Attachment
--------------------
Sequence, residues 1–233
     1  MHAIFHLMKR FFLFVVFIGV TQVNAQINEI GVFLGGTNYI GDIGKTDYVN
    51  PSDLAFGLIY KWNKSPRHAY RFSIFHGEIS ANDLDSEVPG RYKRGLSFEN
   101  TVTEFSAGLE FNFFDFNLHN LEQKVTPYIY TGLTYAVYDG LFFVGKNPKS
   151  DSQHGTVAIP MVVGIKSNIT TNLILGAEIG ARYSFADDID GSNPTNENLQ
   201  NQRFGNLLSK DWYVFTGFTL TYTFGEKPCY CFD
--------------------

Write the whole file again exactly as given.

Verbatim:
Sequence, residues 1–233
     1  MHAIFHLMKR FFLFVVFIGV TQVNAQINEI GVFLGGTNYI GDIGKTDYVN
    51  PSDLAFGLIY KWNKSPRHAY RFSIFHGEIS ANDLDSEVPG RYKRGLSFEN
   101  TVTEFSAGLE FNFFDFNLHN LEQKVTPYIY TGLTYAVYDG LFFVGKNPKS
   151  DSQHGTVAIP MVVGIKSNIT TNLILGAEIG ARYSFADDID GSNPTNENLQ
   201  NQRFGNLLSK DWYVFTGFTL TYTFGEKPCY CFD